I realize that the concept of “the remnant” is biblical, but it still reminds me of a bit of cast off cloth, a “second” one may find in outdoor markets. Thus when I read of traditionalists as being a faithful remnant, I understand the OT allusion, but I am left feeling rather rejected. I wonder whether it is even an appropriate metaphor for those of us who can recite the Creeds without crossing our fingers, who believe in miracles and are not quite sure about “progressive revelation.”

Being not quite sure about doctrinal development doesn’t at all mean a belief that God has spoken once, long ago, and now has retreated to watch what happens. That’s the god of the Deist. It doesn’t mean that one denies that the revelation which is in Christ Jesus doesn’t speak to us in what seem to be new ways, or in new contexts, although we should be reminded that the “newness” isn’t novelty and probably isn’t new at all. It’s a modern conceit to think that we invent new religious concepts just because we come up with new ways to get from A to B. In vital matters it is probably true that there’s nothing new under the sun. What is “new” is the translation and perhaps the context in which we “hear” the Word of God, often through the Word of God written. Jesus is the final Revelation. Jesus lives and his Gospel lives in the power of the Trinity. Now that is living!

Back to the remnant. It seems to me that there are two assurances given to Christians and those two assurances were lived into by the first Christians. The first assurance seems masochistical. Being a Christian will get you hurt! The hurt may be from an external source, it may be the result of our seeking to live as Christians, and it may be the result of our not succeeding in living as Christians. Cross-bearing hurts. That’s a difficult concept to embrace in a culture in which “hurt” and “pain” are railed against and resented. The blogs of liberals and conservatives are full of stuff about people being hurt, being given pain, by this or that action, or declaration. I do not deny that people are hurt, do get pained, by words and actions, some just and some manifestly unjust. Yet our American pains and hurt, for the most part are nothing like those experienced across the globe in other places by millions who starve, suffer and die, in war, famine, flood, as the result of disease, economic injustice, cruelty and human malice. In our affluent Episcopalianism, most of our hurt and pain is experienced in comfort and we can take pills and even pray because we can afford so to do.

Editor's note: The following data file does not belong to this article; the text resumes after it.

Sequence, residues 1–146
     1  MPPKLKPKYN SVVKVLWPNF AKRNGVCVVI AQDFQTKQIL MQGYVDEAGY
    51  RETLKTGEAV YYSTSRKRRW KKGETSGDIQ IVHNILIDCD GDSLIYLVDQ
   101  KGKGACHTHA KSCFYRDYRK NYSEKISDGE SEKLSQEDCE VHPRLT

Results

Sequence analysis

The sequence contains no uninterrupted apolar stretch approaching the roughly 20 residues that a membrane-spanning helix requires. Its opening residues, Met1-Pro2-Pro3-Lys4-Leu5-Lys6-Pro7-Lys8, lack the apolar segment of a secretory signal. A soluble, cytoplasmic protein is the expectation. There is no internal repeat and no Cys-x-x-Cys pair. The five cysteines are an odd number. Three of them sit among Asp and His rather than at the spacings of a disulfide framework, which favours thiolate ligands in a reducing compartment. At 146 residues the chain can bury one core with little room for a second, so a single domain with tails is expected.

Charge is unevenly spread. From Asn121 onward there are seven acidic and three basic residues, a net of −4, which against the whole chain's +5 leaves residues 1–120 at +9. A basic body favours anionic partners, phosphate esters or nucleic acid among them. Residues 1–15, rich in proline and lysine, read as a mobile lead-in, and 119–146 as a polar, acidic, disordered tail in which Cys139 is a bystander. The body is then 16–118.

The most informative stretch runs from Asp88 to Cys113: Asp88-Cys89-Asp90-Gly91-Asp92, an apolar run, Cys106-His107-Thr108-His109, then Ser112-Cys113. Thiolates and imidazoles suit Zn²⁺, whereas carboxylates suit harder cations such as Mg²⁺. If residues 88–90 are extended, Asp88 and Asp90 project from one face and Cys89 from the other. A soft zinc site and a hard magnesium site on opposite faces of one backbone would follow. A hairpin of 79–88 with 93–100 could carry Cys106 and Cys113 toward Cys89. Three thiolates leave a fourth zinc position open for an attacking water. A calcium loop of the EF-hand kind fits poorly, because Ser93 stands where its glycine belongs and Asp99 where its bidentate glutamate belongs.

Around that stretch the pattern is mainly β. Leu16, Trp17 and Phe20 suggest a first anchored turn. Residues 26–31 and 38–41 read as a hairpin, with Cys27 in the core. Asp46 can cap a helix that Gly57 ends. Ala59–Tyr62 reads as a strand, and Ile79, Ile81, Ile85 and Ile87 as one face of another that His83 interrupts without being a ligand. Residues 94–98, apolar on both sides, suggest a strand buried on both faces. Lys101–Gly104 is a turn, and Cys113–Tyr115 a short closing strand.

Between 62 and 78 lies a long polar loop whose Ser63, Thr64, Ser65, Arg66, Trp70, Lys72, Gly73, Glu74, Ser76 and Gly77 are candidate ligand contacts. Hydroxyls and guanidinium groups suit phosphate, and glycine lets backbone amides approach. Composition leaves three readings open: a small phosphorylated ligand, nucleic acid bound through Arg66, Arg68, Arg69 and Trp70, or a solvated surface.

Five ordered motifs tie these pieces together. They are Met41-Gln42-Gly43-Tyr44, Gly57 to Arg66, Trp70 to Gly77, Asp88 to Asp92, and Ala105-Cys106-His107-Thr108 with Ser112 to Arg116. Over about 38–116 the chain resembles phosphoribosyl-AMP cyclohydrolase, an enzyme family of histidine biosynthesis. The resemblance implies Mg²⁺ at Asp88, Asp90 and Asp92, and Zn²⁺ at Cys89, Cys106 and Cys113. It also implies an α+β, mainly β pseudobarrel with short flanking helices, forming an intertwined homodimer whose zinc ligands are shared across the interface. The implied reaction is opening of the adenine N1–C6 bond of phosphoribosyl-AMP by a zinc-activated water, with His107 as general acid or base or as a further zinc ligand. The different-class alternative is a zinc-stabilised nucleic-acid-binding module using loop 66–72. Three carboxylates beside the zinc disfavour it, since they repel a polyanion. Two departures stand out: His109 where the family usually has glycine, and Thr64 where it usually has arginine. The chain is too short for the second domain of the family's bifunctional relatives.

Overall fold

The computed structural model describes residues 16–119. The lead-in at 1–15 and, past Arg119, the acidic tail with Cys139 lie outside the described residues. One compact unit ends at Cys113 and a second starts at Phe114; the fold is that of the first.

Law suits and discrimination hurt, but they are not excuses for us to behave as pagans!

Now I am not here addressing the real torments of psychological or physical pain, although here too, at least the medically insured experience their torments in the context of available help and nurture. True in this manifestly unjust society of ours, many fall through the cracks and we cannot rest, as Christians until this great wrong is made right.

The Christian journey does hurt. Jesus told us that if we want to follow him we must embrace the cross, give up much which cushions life from reality and walk hand in hand with him through the valley of the shadow. Certainly the first Christians heard the story of Jesus and the comments of the Epistle-writers in the context of persecution, fear and peril. Yet this growing “remnant” had another assurance we often forget. The victory has been won for us. On the Cross Jesus won the ultimate victory. Our task as Christians is not to fight a war to win, but announce the victory and its fruits. Perhaps “Onward Christian Soldiers” should read, “Onward Christian witnesses, marching on to speak.”

Whenever Christians are driven to believe that their task is to fight to preserve and protect something or other, however right, holy or splendid that “something” is, a psychological change occurs. We come to believe that our job is to win the battle against the enemy instead of risking carrying the news of victory into enemy territory. It is true that being the messenger of victory is a dangerous business, can get us into all sorts of trouble, even unto death, but it is a very different calling than that of fighting a war to protect the faith. Fighting to protect includes the concept of losing. Telling the story of Calvary involves no possibility of losing, other than losing the argument temporarily, losing acceptance,losing respectibility or still in some places losing one’s life. Yet Calvary and the Empty Tomb cannot be “lost”. They constitute the greatest victory ever won, no less than the liberation and restoration of all things in heaven and on earth; the promise of newness in both. Talk about a new revelation.

Again the problem with fighting to protect something or other is that it is possible that the glory of what we seek to protect dims into banal color and the protecting thing becomes an idol or a fetish. There’s enormous depth in our Lord’s comment that if we seek to save our lives we will lose them.

In this light I remain unhappy to be described as a remnant. I prefer to think of mere Christians as the leaven, the yeast, the ingredient injected into church and society which transforms and creates. Yes, there’s newness in the process, but it is a very old newness. It’s difficult to accept this truth when we have wrapped our cause or campaign, our “progressiveness” or “orthodoxy” in a blanket and are rushing away to where?, so that we can continue to defend and protect our possession . Don’t unwrap the blanket. You may not like what is now there.

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